I am primarily interested in the adaptation and appropriation of existing narratives in contemporary fiction. I am passionately committed to understanding and mapping the relationship between art, myth and culture – particularly in the modern funnelling of the mythic impulse into literature, film and drama. Having wider considerations of the importance of enduring and evolving narratives, a key component of my thesis is a comparative analysis of theories of myth and theories of fantasy with the view of constructing an understanding of the history of these terms and a focused and specific definition from which to proceed.
Related to my primary research interests in the evolution of narrative, I am increasingly interested in the ability of art to develop our individual understanding of the world. The human propensity to make meaning out of existence by forming experience and knowledge into narrative form is an area on which an increasing amount of research is focusing. This is of great interest to debates surrounding the value of the Humanities in both the academic pursuit of knowledge and in the wider impact of the discipline outside of the higher education institution. I am therefore particularly interested in the dissemination of my research through open access and public engagement.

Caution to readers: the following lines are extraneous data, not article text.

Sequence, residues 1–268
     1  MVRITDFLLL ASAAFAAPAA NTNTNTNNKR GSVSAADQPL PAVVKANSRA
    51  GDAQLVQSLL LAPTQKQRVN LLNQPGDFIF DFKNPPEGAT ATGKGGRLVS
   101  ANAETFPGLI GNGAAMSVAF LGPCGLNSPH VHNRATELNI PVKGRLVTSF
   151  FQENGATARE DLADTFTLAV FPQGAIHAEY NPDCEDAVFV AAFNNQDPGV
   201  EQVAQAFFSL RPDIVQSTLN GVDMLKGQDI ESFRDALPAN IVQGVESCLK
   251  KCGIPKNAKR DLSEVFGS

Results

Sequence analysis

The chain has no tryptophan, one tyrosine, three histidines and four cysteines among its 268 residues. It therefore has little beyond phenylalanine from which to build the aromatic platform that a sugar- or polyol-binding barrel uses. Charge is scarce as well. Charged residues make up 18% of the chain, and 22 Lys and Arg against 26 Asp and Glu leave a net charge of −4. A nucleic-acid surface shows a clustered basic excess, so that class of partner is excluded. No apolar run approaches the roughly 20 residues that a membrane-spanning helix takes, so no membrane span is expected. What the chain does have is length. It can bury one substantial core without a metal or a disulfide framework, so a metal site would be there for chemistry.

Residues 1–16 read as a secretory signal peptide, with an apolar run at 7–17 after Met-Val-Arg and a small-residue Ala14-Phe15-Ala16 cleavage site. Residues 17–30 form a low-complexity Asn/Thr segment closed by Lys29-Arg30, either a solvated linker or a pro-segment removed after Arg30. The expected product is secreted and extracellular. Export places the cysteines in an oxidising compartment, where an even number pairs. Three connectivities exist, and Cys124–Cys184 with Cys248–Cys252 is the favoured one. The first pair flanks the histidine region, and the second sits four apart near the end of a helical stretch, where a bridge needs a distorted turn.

I am an active member of the research community both on campus and online and I run a research blog, Telling Tales: Stories from a PhD Student. In addition to my blog, I am also an avid social media user and regularly use tools such as Facebook and Twitter to participate in discussions and further disseminate my research.